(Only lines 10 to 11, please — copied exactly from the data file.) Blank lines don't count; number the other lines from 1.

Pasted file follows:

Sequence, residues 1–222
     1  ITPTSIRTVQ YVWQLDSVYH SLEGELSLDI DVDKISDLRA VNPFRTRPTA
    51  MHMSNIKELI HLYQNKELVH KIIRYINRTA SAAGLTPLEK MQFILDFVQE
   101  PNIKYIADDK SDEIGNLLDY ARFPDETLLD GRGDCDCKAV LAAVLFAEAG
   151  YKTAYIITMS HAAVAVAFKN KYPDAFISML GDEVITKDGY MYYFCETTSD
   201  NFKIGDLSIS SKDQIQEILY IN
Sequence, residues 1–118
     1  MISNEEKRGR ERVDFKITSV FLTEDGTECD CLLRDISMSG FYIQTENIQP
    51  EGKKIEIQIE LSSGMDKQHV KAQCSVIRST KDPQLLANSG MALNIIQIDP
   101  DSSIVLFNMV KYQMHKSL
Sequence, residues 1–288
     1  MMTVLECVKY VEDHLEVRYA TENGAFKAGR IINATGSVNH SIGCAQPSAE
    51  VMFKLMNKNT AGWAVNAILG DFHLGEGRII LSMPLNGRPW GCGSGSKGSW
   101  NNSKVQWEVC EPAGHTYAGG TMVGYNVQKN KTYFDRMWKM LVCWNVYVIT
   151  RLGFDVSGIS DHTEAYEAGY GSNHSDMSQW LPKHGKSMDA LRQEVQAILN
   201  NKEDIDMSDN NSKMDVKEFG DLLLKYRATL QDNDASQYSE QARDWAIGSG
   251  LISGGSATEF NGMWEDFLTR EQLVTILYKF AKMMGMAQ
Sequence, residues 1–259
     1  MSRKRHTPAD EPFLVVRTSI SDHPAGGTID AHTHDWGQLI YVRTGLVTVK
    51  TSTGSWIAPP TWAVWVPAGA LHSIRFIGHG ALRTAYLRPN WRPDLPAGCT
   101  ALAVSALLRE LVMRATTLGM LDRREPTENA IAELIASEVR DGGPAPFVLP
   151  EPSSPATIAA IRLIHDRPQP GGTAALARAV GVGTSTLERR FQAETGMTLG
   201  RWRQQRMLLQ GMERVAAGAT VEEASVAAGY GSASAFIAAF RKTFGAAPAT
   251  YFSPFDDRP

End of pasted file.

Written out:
   101  DSSIVLFNMV KYQMHKSL
Sequence, residues 1–288